||BIS405 - Genetic Anthropology
||For the correct edition of the textbook assigned to a specific class, go to: http://www.nutextdirect.com
Recommended: Prior completion of
|Course Description: This elective is open to non-science majors. This trans-disciplinary course is a comprehensive team science approach to learning the basic concepts of genetic anthropology, human evolution, migration and cultural diversity, genetics and human variation, and epidemiology of disease. It will make use of computer technology. Students will participate in virtual learning environments and be introduced to interdisciplinary case studies. Teams of students will engage in investigative data search and analysis. Patterns of human migration will be examined within the context of cultural diversity, language, and the impact of environment on disease.
|Course Learning Outcomes:
- identify and describe the effects of population migration on cultural diversity .
- actively engage in scientific inquiry based on a case study approach and problem centric research
- conduct a data search that includes understanding the principles of data mining and data analysis
- describe the genetic factors that contribute to ethnicity
- identify specific genes that are identified with disease within a specific population
- identify current challenges in disease patterns and treatments associated with specific populations.
- compare historical events to current events and draw inferences from recent patterns of migration
|Specified Program Learning Outcomes:
Concentration in STEM (Science, Technology, Engineering, Mathematics)
- Create and model interdisciplinary learning environments that reflect team building and problem based learning using technology.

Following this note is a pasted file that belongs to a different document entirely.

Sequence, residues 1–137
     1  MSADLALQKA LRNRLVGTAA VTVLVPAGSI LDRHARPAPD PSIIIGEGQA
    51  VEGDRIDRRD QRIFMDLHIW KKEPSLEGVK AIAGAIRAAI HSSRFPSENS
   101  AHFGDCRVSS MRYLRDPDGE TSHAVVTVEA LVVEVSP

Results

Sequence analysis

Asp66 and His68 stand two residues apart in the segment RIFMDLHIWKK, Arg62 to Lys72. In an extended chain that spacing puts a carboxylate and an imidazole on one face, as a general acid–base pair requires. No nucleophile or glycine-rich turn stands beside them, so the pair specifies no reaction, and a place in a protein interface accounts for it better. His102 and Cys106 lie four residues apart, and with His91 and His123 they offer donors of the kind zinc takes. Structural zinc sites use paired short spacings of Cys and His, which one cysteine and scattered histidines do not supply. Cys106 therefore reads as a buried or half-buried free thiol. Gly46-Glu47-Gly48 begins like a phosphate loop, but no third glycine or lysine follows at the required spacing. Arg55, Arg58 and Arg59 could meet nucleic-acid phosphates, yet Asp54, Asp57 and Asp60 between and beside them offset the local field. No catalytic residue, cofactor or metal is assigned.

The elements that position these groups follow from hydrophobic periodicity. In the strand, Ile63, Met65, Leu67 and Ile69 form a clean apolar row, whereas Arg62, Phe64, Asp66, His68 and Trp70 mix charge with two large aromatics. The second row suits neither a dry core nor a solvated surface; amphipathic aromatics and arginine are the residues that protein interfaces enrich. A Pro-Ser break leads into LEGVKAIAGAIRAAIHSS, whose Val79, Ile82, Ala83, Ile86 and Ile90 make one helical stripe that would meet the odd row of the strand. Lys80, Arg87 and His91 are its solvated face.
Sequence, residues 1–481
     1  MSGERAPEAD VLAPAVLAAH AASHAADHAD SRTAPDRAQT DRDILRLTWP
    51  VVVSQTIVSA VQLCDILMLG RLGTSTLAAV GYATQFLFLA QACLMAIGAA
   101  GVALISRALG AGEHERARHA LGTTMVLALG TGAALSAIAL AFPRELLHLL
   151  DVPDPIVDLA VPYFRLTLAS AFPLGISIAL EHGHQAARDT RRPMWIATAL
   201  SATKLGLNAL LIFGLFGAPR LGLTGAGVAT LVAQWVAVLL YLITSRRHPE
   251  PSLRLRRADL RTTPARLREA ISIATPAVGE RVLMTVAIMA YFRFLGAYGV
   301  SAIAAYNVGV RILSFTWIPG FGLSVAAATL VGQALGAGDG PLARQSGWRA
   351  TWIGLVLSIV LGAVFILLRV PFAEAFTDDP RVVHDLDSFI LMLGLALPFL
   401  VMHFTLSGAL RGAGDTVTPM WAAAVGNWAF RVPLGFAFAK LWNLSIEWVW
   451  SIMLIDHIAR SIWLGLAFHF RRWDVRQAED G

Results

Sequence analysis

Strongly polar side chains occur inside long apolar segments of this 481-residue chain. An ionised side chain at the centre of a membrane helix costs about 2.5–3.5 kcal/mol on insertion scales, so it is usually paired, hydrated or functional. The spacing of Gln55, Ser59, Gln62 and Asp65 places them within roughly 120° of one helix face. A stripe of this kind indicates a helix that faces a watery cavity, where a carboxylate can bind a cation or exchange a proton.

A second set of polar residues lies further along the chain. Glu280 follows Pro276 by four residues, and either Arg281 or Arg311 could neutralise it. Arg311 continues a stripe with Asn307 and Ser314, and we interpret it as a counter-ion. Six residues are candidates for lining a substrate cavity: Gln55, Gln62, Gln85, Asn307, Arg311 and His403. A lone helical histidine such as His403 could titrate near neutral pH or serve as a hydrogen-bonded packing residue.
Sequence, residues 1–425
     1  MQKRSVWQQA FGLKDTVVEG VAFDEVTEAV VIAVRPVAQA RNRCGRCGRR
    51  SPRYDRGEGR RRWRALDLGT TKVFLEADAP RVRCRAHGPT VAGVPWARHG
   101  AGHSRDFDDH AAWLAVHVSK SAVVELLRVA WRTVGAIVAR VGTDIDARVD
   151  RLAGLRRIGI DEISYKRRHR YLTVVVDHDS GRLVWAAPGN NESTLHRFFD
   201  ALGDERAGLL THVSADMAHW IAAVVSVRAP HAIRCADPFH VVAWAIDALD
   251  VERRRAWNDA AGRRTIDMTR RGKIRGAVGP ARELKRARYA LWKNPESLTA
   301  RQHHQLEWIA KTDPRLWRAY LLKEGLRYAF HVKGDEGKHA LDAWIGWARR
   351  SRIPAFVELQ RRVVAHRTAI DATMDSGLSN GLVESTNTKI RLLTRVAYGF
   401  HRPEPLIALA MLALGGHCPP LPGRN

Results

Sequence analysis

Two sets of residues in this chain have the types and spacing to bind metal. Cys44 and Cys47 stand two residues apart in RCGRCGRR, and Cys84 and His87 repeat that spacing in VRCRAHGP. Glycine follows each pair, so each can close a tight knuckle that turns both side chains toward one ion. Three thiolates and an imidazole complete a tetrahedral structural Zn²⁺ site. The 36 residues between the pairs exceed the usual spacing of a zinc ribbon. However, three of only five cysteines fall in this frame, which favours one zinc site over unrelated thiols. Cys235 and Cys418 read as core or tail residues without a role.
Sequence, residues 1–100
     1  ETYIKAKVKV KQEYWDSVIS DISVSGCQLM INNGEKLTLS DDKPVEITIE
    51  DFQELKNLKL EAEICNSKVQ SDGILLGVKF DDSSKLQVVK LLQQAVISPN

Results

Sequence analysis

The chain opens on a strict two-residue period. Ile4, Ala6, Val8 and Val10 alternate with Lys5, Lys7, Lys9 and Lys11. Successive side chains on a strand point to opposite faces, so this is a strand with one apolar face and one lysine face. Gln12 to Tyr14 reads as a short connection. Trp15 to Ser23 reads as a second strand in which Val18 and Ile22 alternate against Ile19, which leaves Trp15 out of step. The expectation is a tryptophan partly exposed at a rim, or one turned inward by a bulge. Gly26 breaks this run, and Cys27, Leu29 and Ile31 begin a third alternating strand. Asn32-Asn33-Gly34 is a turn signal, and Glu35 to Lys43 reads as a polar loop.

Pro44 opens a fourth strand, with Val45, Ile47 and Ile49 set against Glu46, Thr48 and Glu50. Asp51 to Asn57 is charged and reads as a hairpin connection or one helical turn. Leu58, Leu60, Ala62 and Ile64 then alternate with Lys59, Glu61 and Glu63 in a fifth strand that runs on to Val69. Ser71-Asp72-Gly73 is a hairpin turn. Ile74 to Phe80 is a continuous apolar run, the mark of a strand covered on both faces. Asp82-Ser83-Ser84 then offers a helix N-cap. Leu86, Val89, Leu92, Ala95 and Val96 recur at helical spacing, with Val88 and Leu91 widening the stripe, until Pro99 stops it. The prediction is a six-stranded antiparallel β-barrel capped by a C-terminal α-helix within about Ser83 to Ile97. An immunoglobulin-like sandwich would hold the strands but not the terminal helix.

- Demonstrate how to integrate Science, Technology, Engineering, and Mathematics (STEM) to meet the needs of all learners
|Course Requirements: andlt;p class=andquot;MsoNormalandquot; style=andquot;margin: 0in 0in 0pt;andquot;andgt;andlt;span style=andquot;font-family: andapos;Helveticaandapos;,andapos;sans-serifandapos;; mso-fareast-font-family: andapos;Times New Romanandapos;;andquot;andgt;Specific to the course , students must be able to apply the method of scientific inquiry in assigned case studies; participate in data mining activities and data analysis activities and write reports based on research on current challenges in disease patterns and treatments associated with specific populations. andlt;/spanandgt;
Students with Disabilities:
Students seeking special accommodations due to a disability must submit an application with supporting documentation, as explained under this subject heading in the General Catalog. Instructors are required to provide such accommodations if they receive written notification from the University.
Writing Across the Curriculum:
Students are expected to demonstrate writing skills in describing, analyzing and evaluating ideas and experiences. Written reports and research papers must follow specific standards regarding citations of an author's work within the text and references at the end of the paper. Students are encouraged to use the services of the University's Writing Center when preparing materials.